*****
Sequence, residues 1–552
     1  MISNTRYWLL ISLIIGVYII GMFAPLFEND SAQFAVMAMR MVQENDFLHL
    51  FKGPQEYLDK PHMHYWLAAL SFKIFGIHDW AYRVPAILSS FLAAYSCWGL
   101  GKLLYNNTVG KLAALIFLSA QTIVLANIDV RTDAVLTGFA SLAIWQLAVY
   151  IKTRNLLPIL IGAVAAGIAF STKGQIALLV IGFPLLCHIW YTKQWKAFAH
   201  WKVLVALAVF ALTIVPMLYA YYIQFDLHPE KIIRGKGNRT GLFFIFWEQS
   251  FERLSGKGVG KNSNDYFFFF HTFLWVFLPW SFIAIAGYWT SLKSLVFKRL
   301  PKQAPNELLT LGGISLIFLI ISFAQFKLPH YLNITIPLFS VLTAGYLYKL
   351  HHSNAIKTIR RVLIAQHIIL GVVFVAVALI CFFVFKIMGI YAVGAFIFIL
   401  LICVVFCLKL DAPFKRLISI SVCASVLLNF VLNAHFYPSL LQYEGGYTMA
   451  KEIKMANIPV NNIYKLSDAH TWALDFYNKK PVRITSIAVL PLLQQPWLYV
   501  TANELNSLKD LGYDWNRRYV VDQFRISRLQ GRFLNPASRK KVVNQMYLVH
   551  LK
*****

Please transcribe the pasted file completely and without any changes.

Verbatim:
Sequence, residues 1–552
     1  MISNTRYWLL ISLIIGVYII GMFAPLFEND SAQFAVMAMR MVQENDFLHL
    51  FKGPQEYLDK PHMHYWLAAL SFKIFGIHDW AYRVPAILSS FLAAYSCWGL
   101  GKLLYNNTVG KLAALIFLSA QTIVLANIDV RTDAVLTGFA SLAIWQLAVY
   151  IKTRNLLPIL IGAVAAGIAF STKGQIALLV IGFPLLCHIW YTKQWKAFAH
   201  WKVLVALAVF ALTIVPMLYA YYIQFDLHPE KIIRGKGNRT GLFFIFWEQS
   251  FERLSGKGVG KNSNDYFFFF HTFLWVFLPW SFIAIAGYWT SLKSLVFKRL
   301  PKQAPNELLT LGGISLIFLI ISFAQFKLPH YLNITIPLFS VLTAGYLYKL
   351  HHSNAIKTIR RVLIAQHIIL GVVFVAVALI CFFVFKIMGI YAVGAFIFIL
   401  LICVVFCLKL DAPFKRLISI SVCASVLLNF VLNAHFYPSL LQYEGGYTMA
   451  KEIKMANIPV NNIYKLSDAH TWALDFYNKK PVRITSIAVL PLLQQPWLYV
   501  TANELNSLKD LGYDWNRRYV VDQFRISRLQ GRFLNPASRK KVVNQMYLVH
   551  LK